17. The next line, "INT 21h" is a software invoked interrupt. While hardware devices can invoke interrupts by sending signals along the IRQ wires to the IRQ controllers, an INT instruction can also invoke an interrupt. The DOS operating system kernel has parked itself in RAM somewhere during the boot sequence and then placed its interrupt entrance address into the Interrupt Vector Table entry number 21h. When this instruction is invoked, the processor will save all register values to the stack including the CS:IP (pointing to where it is currently executing) then fetch the CS:IP values from the IVT effectively far jumping to that address. That is where the DOS kernel resides. From there DOS will read the AH register which holds the "function number" and the DOS code will then jump to the appropriate function handler. In this case the function number 9 handler will then read the bytes starting at the offset specified in the DX register and display them on screen until it reads a dollar sign, then it will execute the interrupt return (IRET) instruction and return to the following line of the calling program. Function numebr 9 is therefore the "Display '$' Terminated String" function.

  18. This is followed by the label "terminate:" This will be useful in future programs as a target of a jump instruction intended to end the program. Remember that "end" is a compiler recognized key word and therefore cannot be used for this purpose.

  19. The next line "mov ax, 4C00h" loads the AH register with 4Ch and the AL register with 00.

  20. The next line calls DOS again. This time the AH register holds the value 4Ch. When DOS receives this it returns control to COMMAND.COM and considers the program "ended" meaning that the RAM it occupied is now considered available for the next program that executes. Function 4Ch means "End Program."

  21. Save the changes and exit EDIT with [Alt]+[F] then [X]. Now copy all ASM files to the floppy. If using QBOOT, the floppy is the B: drive:

    K:\>copy *.asm B:
    BLANK.ASM
    HELLO.ASM
      2 file(s) copied
    K:\>_
    
  22. Now it is time to compile the program. Having booted from QBOOT, the compiler software has been included in the PATH environmental variable. If it was installed onto the hard drive, the installation program will also include the PATH entry in the AUTOEXEC.BAT. The compiler path is: [drive]:\TASM\BIN which should be included if invoking the compiler yields bad command or file name. First ask the comiler for help with: "tasm /?" Note the last switch "/z" has three different states. In order to include full debug information it must read "/zi" Now invoke the compiler on the HELLO.ASM source file to include full debug information:

    K:\>tasm /zi hello
    Turbo Assembler  Version 4.1  Copyright (c) 1988, 1996 Borland International
    
    Assembling file:   hello.ASM
    Error messages:    None
    Warning messages:  None
    Passes:            1
    Remaining memory:  336k
    K:\>_
    
  23. If any error messages occur, they include the line number. Open HELLO.ASM in EDIT and make the necessary changes, then try the compiler again. TASM.EXE is a multi-pass structured compiler, so if items like variables are mentioned before they are declared, the compiler will watch for the declaration later in the file. If it is never declared, then it will complain. This shows off its "structured" capability. Some compilers like Turbo PASCAL are "top down" compilers in which variables MUST be declared before they are refered to in an instruction. Because ASM source can refer to external "Include" files if items are referenced that exist outside in an include file, the compiler can open the includes and even execute conditional compiler directives all the while watching for declarations of previously mentioned items thus demonstrating its multi-pass capability. In this case everything was resolved in one pass through the source with no errors. However, TASM.EXE did not create an executable file. It created an OBJECT file which is compiled into machine language code but not fully executable in form yet. Also note that the file's .ASM extension does not have to be specified. TASM "knows" the file type it compiles. Any text file can be fed to it, but if it does not end in .ASM, then it must be fully specified (i.e. hello.txt) Check the root:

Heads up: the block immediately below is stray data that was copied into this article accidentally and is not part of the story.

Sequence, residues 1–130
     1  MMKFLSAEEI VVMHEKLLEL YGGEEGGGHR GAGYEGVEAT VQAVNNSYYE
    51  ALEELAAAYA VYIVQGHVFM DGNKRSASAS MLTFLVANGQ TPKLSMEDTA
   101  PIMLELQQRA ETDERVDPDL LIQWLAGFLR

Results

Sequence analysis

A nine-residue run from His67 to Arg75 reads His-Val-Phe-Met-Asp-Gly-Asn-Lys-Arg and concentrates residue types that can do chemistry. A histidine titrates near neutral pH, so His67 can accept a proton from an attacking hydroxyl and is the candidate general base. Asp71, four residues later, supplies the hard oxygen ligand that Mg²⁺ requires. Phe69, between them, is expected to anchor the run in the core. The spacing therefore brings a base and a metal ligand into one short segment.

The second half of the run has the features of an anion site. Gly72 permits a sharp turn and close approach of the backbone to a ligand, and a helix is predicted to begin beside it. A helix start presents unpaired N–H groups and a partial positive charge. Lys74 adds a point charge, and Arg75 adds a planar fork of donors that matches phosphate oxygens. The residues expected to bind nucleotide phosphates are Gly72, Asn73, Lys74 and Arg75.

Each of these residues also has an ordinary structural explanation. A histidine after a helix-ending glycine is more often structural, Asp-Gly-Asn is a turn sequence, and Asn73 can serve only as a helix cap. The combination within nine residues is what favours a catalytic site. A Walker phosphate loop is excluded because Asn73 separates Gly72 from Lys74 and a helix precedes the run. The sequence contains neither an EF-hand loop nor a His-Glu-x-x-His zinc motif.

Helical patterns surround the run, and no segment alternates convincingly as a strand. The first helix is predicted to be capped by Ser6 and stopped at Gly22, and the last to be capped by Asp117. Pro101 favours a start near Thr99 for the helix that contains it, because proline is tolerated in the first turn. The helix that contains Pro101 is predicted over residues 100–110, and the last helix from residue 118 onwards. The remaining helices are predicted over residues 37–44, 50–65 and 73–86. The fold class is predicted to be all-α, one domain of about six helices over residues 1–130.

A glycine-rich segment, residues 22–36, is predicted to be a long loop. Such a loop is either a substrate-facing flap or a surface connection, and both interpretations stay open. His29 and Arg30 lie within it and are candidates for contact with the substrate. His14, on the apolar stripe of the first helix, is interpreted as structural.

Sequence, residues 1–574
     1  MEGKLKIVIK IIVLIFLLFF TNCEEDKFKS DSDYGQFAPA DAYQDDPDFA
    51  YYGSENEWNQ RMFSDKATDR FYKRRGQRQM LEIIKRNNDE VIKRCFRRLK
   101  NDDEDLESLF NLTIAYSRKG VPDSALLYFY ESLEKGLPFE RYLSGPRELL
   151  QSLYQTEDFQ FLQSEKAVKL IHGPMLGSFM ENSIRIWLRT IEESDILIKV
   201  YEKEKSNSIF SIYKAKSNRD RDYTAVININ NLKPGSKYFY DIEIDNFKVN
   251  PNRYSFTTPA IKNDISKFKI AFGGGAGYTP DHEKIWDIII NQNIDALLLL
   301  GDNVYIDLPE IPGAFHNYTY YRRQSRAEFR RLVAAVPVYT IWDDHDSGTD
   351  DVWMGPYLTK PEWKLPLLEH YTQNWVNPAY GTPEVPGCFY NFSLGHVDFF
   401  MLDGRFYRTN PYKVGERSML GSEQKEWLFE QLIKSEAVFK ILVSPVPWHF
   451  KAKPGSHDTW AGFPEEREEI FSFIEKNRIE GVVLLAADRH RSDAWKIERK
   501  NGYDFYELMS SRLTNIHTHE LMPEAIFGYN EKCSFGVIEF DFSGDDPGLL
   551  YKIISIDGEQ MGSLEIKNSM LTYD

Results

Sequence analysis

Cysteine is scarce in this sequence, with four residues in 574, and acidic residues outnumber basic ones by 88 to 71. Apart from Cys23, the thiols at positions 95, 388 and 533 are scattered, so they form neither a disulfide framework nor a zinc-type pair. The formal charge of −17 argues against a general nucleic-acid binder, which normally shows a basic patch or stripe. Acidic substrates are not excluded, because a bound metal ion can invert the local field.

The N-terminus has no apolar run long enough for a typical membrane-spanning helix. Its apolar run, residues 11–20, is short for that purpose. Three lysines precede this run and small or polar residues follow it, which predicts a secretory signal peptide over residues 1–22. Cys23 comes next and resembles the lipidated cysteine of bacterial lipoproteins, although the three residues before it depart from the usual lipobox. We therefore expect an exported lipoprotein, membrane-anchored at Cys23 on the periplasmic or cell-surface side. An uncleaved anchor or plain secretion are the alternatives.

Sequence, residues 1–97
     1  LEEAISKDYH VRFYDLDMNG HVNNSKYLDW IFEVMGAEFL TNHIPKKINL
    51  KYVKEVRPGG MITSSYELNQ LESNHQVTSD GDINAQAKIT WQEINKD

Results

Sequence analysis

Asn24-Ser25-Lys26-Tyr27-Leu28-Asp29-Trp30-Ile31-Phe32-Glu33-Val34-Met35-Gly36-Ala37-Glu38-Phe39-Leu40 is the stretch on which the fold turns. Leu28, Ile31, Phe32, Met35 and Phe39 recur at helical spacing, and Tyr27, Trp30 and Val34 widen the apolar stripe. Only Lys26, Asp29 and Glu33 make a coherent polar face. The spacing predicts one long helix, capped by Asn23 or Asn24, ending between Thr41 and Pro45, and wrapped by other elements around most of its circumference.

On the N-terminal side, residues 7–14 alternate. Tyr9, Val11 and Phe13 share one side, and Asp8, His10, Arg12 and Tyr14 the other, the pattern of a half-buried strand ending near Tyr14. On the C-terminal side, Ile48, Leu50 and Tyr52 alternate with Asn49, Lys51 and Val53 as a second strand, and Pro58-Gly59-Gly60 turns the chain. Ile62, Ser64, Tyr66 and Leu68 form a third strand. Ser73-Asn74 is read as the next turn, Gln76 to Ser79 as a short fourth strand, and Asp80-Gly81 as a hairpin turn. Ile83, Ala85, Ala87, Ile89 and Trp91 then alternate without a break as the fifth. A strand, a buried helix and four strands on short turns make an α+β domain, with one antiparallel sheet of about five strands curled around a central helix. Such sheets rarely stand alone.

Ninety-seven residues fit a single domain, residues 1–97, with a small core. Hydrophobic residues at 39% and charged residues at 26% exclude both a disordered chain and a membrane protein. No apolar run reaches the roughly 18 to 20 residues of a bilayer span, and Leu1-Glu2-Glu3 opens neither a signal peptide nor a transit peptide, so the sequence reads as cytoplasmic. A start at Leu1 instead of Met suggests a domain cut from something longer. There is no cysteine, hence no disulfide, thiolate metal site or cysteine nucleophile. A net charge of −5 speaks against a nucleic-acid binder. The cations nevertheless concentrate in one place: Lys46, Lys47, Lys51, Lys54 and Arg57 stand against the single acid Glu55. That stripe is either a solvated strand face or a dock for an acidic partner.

K:\>dir
    
     Volume in drive K is MS-RAMDRIVE
     Directory of K:\
    
    HELLO    ASM           230 11-07-06  10:09a
    HELLO    OBJ           481 11-07-06  10:19a
    BLANK    ASM           145 11-07-06  10:19a
            3 file(s)            856 bytes
                           4,175,872 bytes free
    K:\>_
    
  24. To convert *.OBJ files into executables requires the "linker" tool. The reason for this is that very large programs can be built by linking smaller *.OBJ files with this tool. It allows large reuasble libraries of functions to be built and precompiled by the programmer and then they can be linked into other programs as needed, dramatically reducing total programming time by eliminating the need to create the same functions over and over again. To retain full debug information the switch is "/v":

    A:\>tlink /v hello
    Turbo Link  Version 7.1.30.1. Copyright (c) 1987, 1996 Borland International
    
    K:\>_
    
  25. The linker announces no errors. And it knows that it wants to link an OBJ file. A second name can be supplied after the OBJ name and it will name the executable this second name. Since a second name was not provided, it assumes that the executable should have the same name as the OBJ. Check:

    K:\>dir
    
     Volume in drive K is MS-RAMDRIVE
     Directory of K:\
    
    HELLO    ASM           230 11-07-06  10:09a
    HELLO    OBJ           481 11-07-06  10:19a
    BLANK    ASM           145 11-07-06  10:19a
    HELLO    MAP           232 11-07-06  10:25a
    HELLO    EXE         1,747 11-07-06  10:25a
            5 file(s)          2,835 bytes
                           4,171,776 bytes free
    
    K:\>_
    
  26. Also note that the linker has created a *.MAP file. This is used by the full debugger to trace through the program one instruction at a time in order to find logic bugs. This tool will be demonstrated later. Now execute "HELLO.EXE":

    K:\>hello
    Hello World!
    
    K:\>_
    
  27. In the next exercise a program will be developed that can take input from the user and then display it on screen.